Citing what he called a lack of transparency and opportunity for public input, U.S. Rep. Jared Golden, D-Maine, asked the U.S. Army Corps of Engineers on Tuesday to hold a public hearing on Central Maine Power Co.’s planned transmission line.

Golden’s request comes as CMP attempts to get to the finish line on its $1 billion New England Clean Energy Connect project, intended to transmit Quebec hydropower to Massachusetts along a 145-mile line through western Maine to a substation in Lewiston where it will connect to the existing grid.

The project has received a key approval from the Maine Public Utilities Commission, which found the project is needed. Now it’s trying to pick its way through a series of environmental concerns before the Maine Land Use Planning Commission and the Department of Environmental Protection. It also needs the go-ahead from federal agencies, including the Army Corps.

Meanwhile, a variety of interest groups, including environmental activists, competing power producers and several communities along the route, have been working to scuttle or modify the project.

Golden’s letter to Col. William Conde cites anticipated impacts on forest and wetlands and concerns voiced by residents in the 2nd Congressional District, which he represents. The congressman has not yet taken a position on the controversial project.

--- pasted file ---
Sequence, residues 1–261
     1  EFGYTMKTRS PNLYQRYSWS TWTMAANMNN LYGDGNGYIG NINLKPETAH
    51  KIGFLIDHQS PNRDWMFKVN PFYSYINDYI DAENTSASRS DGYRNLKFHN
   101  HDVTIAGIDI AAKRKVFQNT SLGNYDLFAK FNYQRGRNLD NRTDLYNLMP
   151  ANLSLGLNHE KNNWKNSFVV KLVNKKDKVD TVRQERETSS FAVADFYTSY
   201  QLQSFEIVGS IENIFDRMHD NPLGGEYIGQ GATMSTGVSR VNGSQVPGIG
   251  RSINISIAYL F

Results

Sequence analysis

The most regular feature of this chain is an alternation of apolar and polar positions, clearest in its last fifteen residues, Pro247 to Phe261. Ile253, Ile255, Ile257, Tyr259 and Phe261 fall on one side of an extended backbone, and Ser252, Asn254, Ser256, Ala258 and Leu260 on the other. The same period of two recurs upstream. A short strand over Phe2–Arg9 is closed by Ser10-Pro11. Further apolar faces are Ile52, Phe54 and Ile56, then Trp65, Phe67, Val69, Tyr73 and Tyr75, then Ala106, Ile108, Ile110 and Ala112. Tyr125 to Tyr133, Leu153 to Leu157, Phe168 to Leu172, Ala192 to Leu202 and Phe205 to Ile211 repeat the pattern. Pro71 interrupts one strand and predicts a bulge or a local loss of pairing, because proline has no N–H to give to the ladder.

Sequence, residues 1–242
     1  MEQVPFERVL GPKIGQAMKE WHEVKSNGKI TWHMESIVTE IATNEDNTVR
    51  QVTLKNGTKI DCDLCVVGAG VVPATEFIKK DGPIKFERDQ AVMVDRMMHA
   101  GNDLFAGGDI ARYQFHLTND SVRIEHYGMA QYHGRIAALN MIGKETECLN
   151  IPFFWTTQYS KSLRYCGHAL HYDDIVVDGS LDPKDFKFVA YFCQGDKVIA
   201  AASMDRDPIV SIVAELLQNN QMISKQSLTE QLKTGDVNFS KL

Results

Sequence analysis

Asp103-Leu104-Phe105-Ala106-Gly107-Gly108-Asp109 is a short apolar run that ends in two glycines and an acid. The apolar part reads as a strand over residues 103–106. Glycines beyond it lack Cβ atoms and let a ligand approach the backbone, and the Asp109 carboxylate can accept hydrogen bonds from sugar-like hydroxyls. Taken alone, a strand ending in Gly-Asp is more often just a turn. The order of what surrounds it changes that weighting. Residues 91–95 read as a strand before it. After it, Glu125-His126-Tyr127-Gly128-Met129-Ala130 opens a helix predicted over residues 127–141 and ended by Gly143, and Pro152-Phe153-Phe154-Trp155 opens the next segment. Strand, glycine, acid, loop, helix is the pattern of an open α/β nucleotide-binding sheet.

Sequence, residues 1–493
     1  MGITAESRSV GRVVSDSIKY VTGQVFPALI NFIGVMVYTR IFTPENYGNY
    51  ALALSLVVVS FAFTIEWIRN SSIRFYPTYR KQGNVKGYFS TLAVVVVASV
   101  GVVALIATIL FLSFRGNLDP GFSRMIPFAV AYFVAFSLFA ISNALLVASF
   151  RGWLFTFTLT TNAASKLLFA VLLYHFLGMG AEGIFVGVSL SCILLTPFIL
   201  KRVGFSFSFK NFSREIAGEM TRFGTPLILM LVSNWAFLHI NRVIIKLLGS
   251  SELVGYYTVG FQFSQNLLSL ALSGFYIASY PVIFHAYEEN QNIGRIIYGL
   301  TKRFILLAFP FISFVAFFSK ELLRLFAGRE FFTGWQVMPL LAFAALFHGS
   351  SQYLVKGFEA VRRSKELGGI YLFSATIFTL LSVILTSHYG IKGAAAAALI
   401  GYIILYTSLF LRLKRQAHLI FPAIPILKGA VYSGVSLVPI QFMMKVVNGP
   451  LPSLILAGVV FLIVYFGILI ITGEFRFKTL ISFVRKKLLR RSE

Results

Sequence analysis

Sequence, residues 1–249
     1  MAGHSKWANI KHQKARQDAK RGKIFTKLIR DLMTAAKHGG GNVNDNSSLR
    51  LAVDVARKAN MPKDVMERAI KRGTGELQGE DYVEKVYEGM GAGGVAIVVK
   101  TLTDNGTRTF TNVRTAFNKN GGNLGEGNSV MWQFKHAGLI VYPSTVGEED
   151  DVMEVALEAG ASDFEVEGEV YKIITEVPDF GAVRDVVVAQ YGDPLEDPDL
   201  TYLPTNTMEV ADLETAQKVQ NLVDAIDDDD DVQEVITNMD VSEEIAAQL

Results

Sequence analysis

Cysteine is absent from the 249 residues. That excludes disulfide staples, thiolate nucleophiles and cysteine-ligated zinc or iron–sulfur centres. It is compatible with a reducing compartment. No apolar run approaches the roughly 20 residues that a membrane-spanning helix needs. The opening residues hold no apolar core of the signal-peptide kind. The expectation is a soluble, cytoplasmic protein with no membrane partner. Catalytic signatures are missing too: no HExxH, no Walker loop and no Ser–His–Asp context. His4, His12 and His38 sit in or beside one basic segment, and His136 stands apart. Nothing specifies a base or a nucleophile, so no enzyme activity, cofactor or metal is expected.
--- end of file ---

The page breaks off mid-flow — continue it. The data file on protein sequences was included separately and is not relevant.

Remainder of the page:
“It is critical,” Golden wrote, “that Mainers are able to provide input and voice their opinions about the permitting for a project that will have significant environmental and economic consequences for their communities.”


Golden noted that the federal Department of Energy held public hearings on similar, now-defunct projects in New Hampshire and Vermont. As the lead federal agency for the CMP project, Golden said, the Army Corps should do the same.

A spokesman for CMP noted that there were six days of public hearings held last spring by the Maine Land Use Planning Commission, the Department of Environmental Protection and the Army Corps, at which interested parties and the public were able to comment and share their views.

“We believe public discourse is critical to the process and that it is important that all points of view be heard and discussed,” said Ted Varipatis in a statement, although he would not say whether CMP supports or opposes holding the hearings. “We look forward to continuing conversations about this project and its benefits as we work through the established permitting process.”

It’s not unusual for the Army Corps to hold public hearings for large projects. Meetings this fall include plans to replace the highway bridges over the Cape Cod Canal.

Golden’s request was supported by the Natural Resources Council of Maine, one of the opposition groups.

“The proposed CMP corridor is a massive project that has generated enormous public interest. It deserves a public hearing, and we are thankful that Congressman Golden has requested one,” said Sue Ely, the group’s clean energy attorney.

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